Syria monitor says it has 'confirmed information' ISIL chief Baghdadi is dead
Claims of Al Baghdadi’s death have been made frequently in recent years, however, and Iraqi, Kurdish and US officials were unable to confirm the Observatory’s report on Tuesday
The Syrian Observatory for Human Rights war monitoring group claimed on Tuesday it had “confirmed information” that ISIL leader Abu Bakr Al Baghdadi had been killed in Syria.
If true, Al Baghdadi’s death would deal another major blow to ISIL — which has already lost Mosul in Iraq, the largest city under its control, and is taking major losses in its self-proclaimed capital of Raqqa in Syria — while also boosting the morale of the group’s many enemies. Claims of Al Baghdadi’s death have been made frequently in recent years, but Iraqi, Kurdish and US officials were unable to confirm the Observatory’s report on Tuesday.
The director of the UK-based monitor, Rami Abdul Rahman, told Reuters: “[We have] confirmed information from leaders, including one of the first rank, in the Islamic State in the eastern countryside of Deir Ezzor.”
While Mr Abdulrahman said his group had information of Al Baghdadi’s death, their sources did not specify when he died or how.
In a statement received by The National, US central command said it could not confirm the report "but hope[s] it is true".
“We strongly advise ISIS to implement a strong line of succession, it will be needed,” Centcom said.
In June, Russia said it may have killed Al Baghdadi during air strikes on ISIL commanders on the outskirts of Raqqa. After that claim, a Russian senator said the likelihood of Al Baghdadi being dead was “close to 100 per cent” while a representative of Iran’s supreme leader said the ISIL leader was “definitely dead”.
The US and others have cast doubt on Moscow’s claims, however.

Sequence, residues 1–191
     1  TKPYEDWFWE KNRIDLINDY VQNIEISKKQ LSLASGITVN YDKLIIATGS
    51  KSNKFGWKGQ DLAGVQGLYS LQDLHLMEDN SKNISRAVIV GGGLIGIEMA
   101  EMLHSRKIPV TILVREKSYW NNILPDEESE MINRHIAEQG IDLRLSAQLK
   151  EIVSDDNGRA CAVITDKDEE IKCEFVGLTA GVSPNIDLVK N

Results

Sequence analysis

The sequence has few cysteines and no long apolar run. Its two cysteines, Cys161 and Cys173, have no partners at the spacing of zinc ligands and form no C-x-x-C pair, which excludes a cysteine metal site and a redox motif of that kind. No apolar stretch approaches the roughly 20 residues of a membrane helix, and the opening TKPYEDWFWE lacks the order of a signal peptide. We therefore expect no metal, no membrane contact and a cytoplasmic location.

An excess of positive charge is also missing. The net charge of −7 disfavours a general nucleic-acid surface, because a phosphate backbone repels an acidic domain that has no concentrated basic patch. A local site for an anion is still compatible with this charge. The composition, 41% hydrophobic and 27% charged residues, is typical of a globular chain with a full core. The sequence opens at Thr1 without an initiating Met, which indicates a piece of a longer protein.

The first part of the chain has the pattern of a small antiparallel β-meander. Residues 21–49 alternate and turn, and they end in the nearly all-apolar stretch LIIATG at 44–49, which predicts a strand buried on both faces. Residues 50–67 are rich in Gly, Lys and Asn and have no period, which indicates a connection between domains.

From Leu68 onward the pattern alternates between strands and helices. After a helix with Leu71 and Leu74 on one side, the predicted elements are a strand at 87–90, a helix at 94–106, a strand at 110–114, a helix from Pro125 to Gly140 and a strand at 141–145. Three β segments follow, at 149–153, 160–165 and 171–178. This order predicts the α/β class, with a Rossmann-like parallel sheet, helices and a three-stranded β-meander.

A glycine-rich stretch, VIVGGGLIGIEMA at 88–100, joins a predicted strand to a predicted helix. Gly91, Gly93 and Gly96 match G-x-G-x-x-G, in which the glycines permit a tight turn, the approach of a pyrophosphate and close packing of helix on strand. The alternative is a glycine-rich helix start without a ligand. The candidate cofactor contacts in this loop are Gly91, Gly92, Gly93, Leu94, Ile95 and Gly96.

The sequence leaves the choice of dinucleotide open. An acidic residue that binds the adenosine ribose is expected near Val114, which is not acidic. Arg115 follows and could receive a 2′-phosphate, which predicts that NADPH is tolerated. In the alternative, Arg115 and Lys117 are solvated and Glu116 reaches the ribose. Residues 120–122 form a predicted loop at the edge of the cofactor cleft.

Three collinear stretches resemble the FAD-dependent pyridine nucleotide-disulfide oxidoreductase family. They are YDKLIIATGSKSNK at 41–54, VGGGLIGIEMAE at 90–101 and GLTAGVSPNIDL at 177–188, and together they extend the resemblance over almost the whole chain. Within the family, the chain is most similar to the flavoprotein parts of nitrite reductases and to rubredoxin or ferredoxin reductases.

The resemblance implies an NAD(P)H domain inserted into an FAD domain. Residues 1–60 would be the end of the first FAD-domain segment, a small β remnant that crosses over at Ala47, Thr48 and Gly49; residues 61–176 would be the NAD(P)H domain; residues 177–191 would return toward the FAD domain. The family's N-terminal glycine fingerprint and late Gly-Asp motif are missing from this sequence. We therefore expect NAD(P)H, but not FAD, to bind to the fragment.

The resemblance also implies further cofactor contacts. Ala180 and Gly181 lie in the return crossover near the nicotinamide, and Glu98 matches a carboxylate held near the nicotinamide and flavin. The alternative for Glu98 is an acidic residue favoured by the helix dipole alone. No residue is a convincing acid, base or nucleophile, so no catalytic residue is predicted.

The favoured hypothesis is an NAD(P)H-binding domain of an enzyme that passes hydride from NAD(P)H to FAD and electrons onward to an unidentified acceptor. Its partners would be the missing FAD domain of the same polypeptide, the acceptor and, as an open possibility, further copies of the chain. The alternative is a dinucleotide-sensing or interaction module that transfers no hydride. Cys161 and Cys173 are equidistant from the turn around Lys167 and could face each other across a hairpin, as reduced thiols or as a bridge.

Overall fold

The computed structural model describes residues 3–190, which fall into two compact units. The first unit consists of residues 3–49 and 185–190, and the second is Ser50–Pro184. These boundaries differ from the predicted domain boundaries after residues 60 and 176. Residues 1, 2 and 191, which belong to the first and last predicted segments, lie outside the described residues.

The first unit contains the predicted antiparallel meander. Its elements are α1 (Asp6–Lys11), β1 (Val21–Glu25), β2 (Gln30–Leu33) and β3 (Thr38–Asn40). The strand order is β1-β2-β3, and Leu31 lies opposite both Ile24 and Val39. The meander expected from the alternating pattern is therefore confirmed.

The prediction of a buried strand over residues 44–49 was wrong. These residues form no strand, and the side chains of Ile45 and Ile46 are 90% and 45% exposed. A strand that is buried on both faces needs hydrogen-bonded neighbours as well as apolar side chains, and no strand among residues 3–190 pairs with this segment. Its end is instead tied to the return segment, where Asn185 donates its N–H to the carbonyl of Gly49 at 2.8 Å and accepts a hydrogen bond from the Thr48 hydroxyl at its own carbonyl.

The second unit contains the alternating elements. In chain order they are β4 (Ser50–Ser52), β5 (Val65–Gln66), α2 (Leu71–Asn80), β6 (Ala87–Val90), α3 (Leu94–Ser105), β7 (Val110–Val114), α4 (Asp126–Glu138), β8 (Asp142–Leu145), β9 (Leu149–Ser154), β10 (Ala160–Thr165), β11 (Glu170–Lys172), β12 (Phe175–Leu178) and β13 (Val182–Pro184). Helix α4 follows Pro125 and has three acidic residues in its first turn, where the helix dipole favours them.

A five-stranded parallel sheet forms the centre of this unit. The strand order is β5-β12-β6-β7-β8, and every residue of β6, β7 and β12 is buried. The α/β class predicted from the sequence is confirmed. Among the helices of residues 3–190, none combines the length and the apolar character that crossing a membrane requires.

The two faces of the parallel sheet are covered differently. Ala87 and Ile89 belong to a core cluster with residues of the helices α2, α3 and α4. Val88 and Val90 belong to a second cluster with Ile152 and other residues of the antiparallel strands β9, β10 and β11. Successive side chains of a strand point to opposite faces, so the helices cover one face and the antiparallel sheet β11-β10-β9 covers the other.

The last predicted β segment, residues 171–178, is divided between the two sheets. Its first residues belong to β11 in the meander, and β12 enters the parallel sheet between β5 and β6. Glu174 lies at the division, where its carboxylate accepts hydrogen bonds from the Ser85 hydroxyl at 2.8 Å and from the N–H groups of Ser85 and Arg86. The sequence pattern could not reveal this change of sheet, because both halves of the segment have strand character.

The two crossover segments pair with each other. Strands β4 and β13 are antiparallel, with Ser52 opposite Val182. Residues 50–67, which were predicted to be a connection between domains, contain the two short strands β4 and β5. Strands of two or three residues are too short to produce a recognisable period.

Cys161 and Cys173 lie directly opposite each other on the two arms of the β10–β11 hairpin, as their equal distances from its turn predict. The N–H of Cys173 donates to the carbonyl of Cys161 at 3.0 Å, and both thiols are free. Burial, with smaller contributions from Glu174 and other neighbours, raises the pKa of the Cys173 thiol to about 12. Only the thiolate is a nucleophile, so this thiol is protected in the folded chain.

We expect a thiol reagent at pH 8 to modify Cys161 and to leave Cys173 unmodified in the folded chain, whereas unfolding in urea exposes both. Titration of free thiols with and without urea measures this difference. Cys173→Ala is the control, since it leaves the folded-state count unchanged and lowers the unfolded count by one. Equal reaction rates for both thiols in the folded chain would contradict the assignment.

The Iraqi-born Al Baghdadi declared an ISIL caliphate from Mosul’s ancient Grand Al Nuri mosque in June 2014 after his group made lightning gains across Syria and Iraq. At its height, ISIL’s territory stretched from the suburbs of the Iraqi capital, Baghdad, to northern Syria's Aleppo province, controlling a huge swathe of territory.
The group enforced puritanical laws in areas it controlled with twisted forms of capital punishment, executing or enslaving members of other faiths and sects. Like-minded extremists from around the world migrated to ISIL-held territory to help the group expand the area under its control.
But faced with attacks from the US-led anti-ISIL coalition and its allies on the ground in Iraq and Syria, the extremist group has suffered major losses, forfeiting much of its territory. While fighting is still ongoing, the group that seemed to be an unstoppable behemoth in 2014 is today not even a shadow of its former self.
With Mosul lost and Raqqa completely encircled, it is believed that senior ISIL leaders have fled elsewhere. As the group's fighters in Raqqa face certain defeat, ISIL is looking to make another last stand at Deir Ezzor to the south-east — the area where the Observatory said Al Baghdadi was killed.
Elsewhere in Syria on Tuesday, rebels operating near a recently-declared ceasefire zone in southern Syria claimed they had shot down a Syrian government jet.
The Lions of the East Army and the Ahmad Al Abdo Forces said the jet crashed into regime-held territory. The Observatory said the plane was shot down on the border of Sweida province — one of three provinces included in a ceasefire agreement brokered by the US, Russia and Jordan.
While the ceasefire held strong on its first day on Sunday, some clashes broke out on Monday and Tuesday in areas covered by the truce.
The tensions in the ceasefire zone come as representatives of the Syrian government and opposition were in Geneva for the seventh round of UN-sponsored peace talks.
The ceasefire is the first example of close co-operation between the US and Russia in Syria, but the deal could be derailed if violence in the area continues.
* Additional reporting by Reuters
Updated: July 11, 2017 04:24 PM